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Publication numberUS6381962 B1
Publication typeGrant
Application numberUS 09/529,439
PCT numberPCT/JP1998/004641
Publication dateMay 7, 2002
Filing dateOct 14, 1998
Priority dateOct 14, 1997
Fee statusLapsed
Also published asCN1276048A, EP1023558A1, WO1999019667A1
Publication number09529439, 529439, PCT/1998/4641, PCT/JP/1998/004641, PCT/JP/1998/04641, PCT/JP/98/004641, PCT/JP/98/04641, PCT/JP1998/004641, PCT/JP1998/04641, PCT/JP1998004641, PCT/JP199804641, PCT/JP98/004641, PCT/JP98/04641, PCT/JP98004641, PCT/JP9804641, US 6381962 B1, US 6381962B1, US-B1-6381962, US6381962 B1, US6381962B1
InventorsTakahiro Ohshita, Tetsuhisa Hirose, Nobuo Nakata, Koichi Takahashi
Original AssigneeEbara Corporation
Export CitationBiBTeX, EndNote, RefMan
External Links: USPTO, USPTO Assignment, Espacenet
Method and apparatus for generating electric power by combusting wastes
US 6381962 B1
Abstract
Exhaust gas is generated when various waste products are combusted. The generated exhaust gas is introduced into a heat exchanger to heat an intermediate gas such as air by heat exchange. The heated intermediate gas is then used to heat superheated steam, which is then supplied to a steam turbine coupled to a generator.
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Claims(60)
What is claimed is:
1. A method for generating electric power by combusting waste products, the method comprising:
combusting waste products in an incinerator to generate exhaust gas having a high temperature;
introducing said exhaust gas into a heat exchanger to heat an intermediate gas by heat exchange;
introducing said exhaust gas from said heat exchanger into a waste heat boiler to generate a superheated steam;
introducing said superheated steam from said waste heat boiler into a superheated steam heater;
introducing said heated intermediate gas into said superheated steam heater to heat said superheated steam;
supplying said heated superheated steam to a steam turbine coupled to a generator to generate electric power; and
supplying said heated intermediate gas from said superheated steam heater into said incinerator after said heated intermediate gas heats said superheated steam.
2. A method according to claim 1, wherein heat transfer tubes of said heat exchanger which contact with said exhaust gas comprises one of heat-resistant cast steel and ceramics.
3. A method according to claim 1, wherein heat transfer tubes of said heat exchanger which contact with said exhaust gas comprises heat-resistant metal.
4. A method according to claim 1, wherein said heat exchanger comprises a bayonet type heat exchanger.
5. A method according to claim 1, wherein the surface temperature of heat transfer tubes of said heat exchanger is maintained at 700° C. or higher.
6. A method according to claim 1, wherein said intermediate gas comprises air, and said air is preheated by said exhaust gas from said waste heat boiler in an air preheater before being supplied to said heat exchanger.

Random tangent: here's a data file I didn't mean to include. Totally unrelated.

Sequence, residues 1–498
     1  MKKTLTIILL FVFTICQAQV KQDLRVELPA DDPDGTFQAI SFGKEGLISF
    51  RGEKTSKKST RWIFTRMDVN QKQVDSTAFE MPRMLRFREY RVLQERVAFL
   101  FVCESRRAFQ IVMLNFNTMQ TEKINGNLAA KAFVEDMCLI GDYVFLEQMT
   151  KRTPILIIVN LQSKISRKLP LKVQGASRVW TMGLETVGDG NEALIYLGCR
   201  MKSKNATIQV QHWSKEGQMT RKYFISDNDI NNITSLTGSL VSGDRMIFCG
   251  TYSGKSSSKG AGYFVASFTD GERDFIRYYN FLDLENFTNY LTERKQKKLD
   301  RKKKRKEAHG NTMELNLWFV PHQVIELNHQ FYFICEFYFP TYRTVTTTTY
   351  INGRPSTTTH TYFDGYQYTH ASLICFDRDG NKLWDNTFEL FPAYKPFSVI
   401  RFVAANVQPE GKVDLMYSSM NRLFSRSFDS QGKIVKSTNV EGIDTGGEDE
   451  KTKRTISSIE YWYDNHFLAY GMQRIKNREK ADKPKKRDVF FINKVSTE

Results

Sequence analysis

7. An apparatus for generating electric power by combusting waste products, the apparatus comprising:
an incinerator for combusting waste products to generate exhaust gas having a high temperature;
a heat exchanger downstream of said incinerator and connected to said incinerator so as to receive said exhaust gas from said incinerator for heating an intermediate gas by heat exchange between said exhaust gas discharged from said incinerator and said intermediate gas;
a waste heat boiler downstream of said heat exchanger and connected to said heat exchanger so as to receive said exhaust gas from said heat exchanger for generating a superheated steam;
a heater connected to said waste heat boiler so as to receive said superheated steam and connected to said heat exchanger so as to receive said heated intermediate gas for heating said superheated steam by heat exchange between said heated intermediate gas and said superheated steam;
a steam turbine downstream of said heater and coupled to a generator, said heated superheated steam being supplied to said steam turbine to generate electric power; and
a line for supplying said heated intermediate gas discharged from said superheated steam heater into said incinerator.
8. An apparatus according to claim 7, wherein heat transfer tubes of said heat exchanger which contact with said exhaust gas comprises one of heat-resistant cast steel and ceramics.
9. An apparatus according to claim 7, wherein heat transfer tubes of said heat exchanger which contact with said exhaust gas comprises heat-resistant metal.
10. An apparatus according to claim 7, wherein said heat exchanger comprises a bayonet type heat exchanger.
11. An apparatus according to claim 7, wherein the surface temperature of heat transfer tubes of said heat exchanger is maintained at 700°C. or higher.
12. An apparatus according to claim 7, wherein said intermediate gas comprises air.
13. An apparatus for generating electric power by combusting waste products, the apparatus comprising:
an incinerator for cobusting waste products to generate exhaust gas having a high temperature;
an air preheater for receiving said exhaust gas, wherein air is preheated by said exhaust gas in said air preheater;
a heat exchanger downstream of said incinerator and connected to said incinerator and said air preheater so as to receive said exhaust gas from said incinerator for heating said preheated air by heat exchange between said exhaust gas discharged from said incinerator and said preheated air so as to generate heated air, and so as to supply said exhaust gas received from said incinerator into said air preheater;
a waste heat boiler downstream of said heat exchanger and connected to said heat exchanger so as to receive said exhaust gas from said heat exchanger for generating a superheated steam;